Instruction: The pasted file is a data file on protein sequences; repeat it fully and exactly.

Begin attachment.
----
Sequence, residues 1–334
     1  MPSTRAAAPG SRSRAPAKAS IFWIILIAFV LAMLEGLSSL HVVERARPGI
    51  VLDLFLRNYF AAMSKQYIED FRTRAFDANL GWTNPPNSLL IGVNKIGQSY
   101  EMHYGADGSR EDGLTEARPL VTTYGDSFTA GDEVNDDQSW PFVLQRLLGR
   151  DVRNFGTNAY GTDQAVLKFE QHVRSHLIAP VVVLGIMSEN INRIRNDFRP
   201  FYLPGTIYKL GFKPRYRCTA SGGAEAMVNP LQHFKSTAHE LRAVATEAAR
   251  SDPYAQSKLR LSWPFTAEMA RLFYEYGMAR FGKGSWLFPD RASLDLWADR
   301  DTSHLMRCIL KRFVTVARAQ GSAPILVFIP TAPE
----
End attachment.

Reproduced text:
Sequence, residues 1–334
     1  MPSTRAAAPG SRSRAPAKAS IFWIILIAFV LAMLEGLSSL HVVERARPGI
    51  VLDLFLRNYF AAMSKQYIED FRTRAFDANL GWTNPPNSLL IGVNKIGQSY
   101  EMHYGADGSR EDGLTEARPL VTTYGDSFTA GDEVNDDQSW PFVLQRLLGR
   151  DVRNFGTNAY GTDQAVLKFE QHVRSHLIAP VVVLGIMSEN INRIRNDFRP
   201  FYLPGTIYKL GFKPRYRCTA SGGAEAMVNP LQHFKSTAHE LRAVATEAAR
   251  SDPYAQSKLR LSWPFTAEMA RLFYEYGMAR FGKGSWLFPD RASLDLWADR
   301  DTSHLMRCIL KRFVTVARAQ GSAPILVFIP TAPE